Scaling Up Usability Testing In Drupal

Still not sure why usability testing is important? See what a linux hobbyist found in an informal usability test on Ubuntu.

Usability testing (hereafter "UT") is getting a lot of attention in Drupal -- and rightly so IMHO. If we aim to have "100%" test coverage on Drupal's code and functionality for Drupal 7, it stands to reason we also need test "coverage" on Drupal's usability. If not, it's far too easy for bad interfaces to be developed that pass all the functional and unit tests, but fail miserably in the real world!

Jimmy Berry (aka boombatower) of GHOP fame plans to take the initial (but giant) steps in this direction in the Google Summer of code 2008.

UT Jargon:

  • The software is what is being tested (e.g. Drupal).
  • The evaluator is the user using that software (e.g. a random person).
  • The Usability Testing Engineer (hereafter "UTE") is the software developer(s) or other person(s) who design and implement the usability test for the software and the tasks and scenario for the evaluator (e.g. a Drupal developer, a usability professional).

Jimmy's project is to develop a Usability Testing Suite (hereafter "UTS") to quickly create "unit tests" for Drupal's usability. The UTS will implement a framework for gathering data from the evaluator's UX and interactions with Drupal and the web browser.

The UTS will be limited to relatively informal tests and limited in it's range of data collection, but it will be able to provide wider and more extensive coverage than any other type of UT.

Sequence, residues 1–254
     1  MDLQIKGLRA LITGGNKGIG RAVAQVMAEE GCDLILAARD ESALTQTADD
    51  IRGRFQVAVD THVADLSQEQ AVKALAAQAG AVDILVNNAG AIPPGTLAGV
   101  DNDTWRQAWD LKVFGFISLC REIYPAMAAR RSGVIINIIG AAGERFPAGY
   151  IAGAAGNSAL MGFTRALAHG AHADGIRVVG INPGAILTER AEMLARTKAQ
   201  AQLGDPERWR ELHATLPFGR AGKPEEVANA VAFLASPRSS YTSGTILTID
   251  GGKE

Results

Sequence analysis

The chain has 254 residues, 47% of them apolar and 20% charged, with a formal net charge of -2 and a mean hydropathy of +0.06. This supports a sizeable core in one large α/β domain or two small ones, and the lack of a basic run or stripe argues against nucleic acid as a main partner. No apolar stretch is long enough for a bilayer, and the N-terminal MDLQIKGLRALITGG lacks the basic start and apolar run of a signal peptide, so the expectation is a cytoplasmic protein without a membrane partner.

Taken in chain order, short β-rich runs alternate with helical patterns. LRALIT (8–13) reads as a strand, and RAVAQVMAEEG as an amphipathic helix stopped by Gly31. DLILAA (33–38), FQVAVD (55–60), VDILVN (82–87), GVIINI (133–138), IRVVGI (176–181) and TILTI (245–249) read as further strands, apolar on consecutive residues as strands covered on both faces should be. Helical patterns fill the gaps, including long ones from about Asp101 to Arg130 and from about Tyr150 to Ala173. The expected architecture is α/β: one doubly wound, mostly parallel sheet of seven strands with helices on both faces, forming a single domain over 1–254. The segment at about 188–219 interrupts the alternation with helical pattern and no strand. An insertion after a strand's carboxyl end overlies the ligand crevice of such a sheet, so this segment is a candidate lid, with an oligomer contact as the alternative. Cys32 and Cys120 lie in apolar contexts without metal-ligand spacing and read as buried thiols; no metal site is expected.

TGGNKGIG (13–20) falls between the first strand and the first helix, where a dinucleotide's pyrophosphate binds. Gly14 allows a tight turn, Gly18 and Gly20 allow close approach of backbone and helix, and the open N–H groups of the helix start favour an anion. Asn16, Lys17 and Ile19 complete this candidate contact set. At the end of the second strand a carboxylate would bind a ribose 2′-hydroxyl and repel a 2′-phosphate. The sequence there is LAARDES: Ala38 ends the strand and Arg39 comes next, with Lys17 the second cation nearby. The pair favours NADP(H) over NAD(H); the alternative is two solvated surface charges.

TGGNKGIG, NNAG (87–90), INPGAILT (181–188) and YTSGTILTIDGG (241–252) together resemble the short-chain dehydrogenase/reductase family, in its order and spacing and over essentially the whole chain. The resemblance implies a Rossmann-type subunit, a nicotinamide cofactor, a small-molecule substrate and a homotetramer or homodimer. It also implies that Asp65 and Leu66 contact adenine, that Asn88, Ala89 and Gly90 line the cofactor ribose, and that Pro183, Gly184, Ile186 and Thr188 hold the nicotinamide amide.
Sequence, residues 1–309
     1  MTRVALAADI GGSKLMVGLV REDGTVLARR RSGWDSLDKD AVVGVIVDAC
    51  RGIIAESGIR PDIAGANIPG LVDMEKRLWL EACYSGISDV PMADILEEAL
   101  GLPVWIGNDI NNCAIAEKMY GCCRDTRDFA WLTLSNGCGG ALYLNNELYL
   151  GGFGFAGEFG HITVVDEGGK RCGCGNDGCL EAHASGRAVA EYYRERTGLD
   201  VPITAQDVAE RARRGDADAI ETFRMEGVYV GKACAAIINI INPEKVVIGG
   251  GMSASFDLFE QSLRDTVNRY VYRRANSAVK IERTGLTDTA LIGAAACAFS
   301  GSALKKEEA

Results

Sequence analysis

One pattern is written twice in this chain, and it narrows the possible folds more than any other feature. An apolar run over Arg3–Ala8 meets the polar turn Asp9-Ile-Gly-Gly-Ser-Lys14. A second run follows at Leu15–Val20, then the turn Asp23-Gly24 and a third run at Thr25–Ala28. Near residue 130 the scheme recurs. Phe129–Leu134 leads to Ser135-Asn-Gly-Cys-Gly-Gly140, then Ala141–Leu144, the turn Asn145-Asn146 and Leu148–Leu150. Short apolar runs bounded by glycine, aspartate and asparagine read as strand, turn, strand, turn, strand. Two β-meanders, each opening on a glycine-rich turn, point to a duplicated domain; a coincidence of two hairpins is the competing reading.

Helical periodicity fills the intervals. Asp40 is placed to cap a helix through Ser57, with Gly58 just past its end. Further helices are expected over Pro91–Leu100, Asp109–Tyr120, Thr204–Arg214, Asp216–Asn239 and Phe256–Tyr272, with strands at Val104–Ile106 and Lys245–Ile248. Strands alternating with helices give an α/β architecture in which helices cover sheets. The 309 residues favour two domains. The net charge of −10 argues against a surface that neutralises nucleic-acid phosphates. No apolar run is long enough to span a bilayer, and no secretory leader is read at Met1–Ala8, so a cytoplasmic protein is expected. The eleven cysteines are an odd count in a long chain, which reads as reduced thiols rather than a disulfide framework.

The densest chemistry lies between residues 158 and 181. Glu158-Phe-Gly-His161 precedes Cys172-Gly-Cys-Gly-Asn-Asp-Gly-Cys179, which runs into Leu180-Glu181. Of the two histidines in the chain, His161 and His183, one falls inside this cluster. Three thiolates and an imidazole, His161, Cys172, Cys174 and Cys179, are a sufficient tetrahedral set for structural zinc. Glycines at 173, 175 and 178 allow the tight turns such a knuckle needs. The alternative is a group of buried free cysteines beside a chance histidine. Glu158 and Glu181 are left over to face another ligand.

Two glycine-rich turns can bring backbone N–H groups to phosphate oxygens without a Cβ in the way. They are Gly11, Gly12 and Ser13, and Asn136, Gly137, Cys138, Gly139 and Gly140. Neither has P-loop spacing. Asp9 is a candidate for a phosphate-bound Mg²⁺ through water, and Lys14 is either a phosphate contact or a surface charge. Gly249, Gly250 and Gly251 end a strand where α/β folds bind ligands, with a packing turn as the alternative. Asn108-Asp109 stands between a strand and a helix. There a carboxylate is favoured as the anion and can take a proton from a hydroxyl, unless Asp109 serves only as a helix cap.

DROP student drpuser made 2 great videos of his informal UT on Drupal 6' installation UI that demonstrates the value of informal UT.

The UTS will make this type of informal UT easy to deploy and standardize on a large scale, and allow for split testing, to test UI ideas and prototypes, and even "regression testing", to ensure usability is not degrading.

The initial version of the UTS will only gather basic data like a Drupal log (e.g. FAPI events, current uri, timestamps etc.), mouse or click tracking (with the Click Heatmap module, created by Jimmy as a GHOP task) and live feedback by text (like one-way IM). Future versions will be able to record, collect and analyse more data through UTS' extensible API. Such extensions to UTS could capture screen recordings, static screenshots, camera and microphone recording and more.

Further, the UTS will be usable for any project built on Drupal. This means that the UTS could be configured to test out any Drupal website or webapp to find out why member-conversion rates are low, what the users' pain points are or why something is difficult to use. And all without the high costs of a UT lab!

And still further, since the test occurs remotely and not in real-time, the evaluators (users) can be volunteers or real site users, and they can do the evaluating from their regular computer and environment.

This is not to say informal testing and the UTS are a replacement for formal UT and UT labs. Formal UT and UT labs have other advantages.

This last point is important. An evaluator in a usability lab can feel uncomfortable with the physical environment, unaccustomed to the hardware or software they have been provided to do the test or even pressured to perform -- as if the evaluator him/herself were being examined (even though steps are taken to avoid this). This can easily skew results and data in formal UT. Informal UT, and especially remote and non-real-time UT can reduce these risks to nearly negligible. This gives clearer and cleaner results.

I look forward to working with Jimmy as his mentor on the project. Bring it on SoC 2008!

Cross-posted from my blog at CivicActions: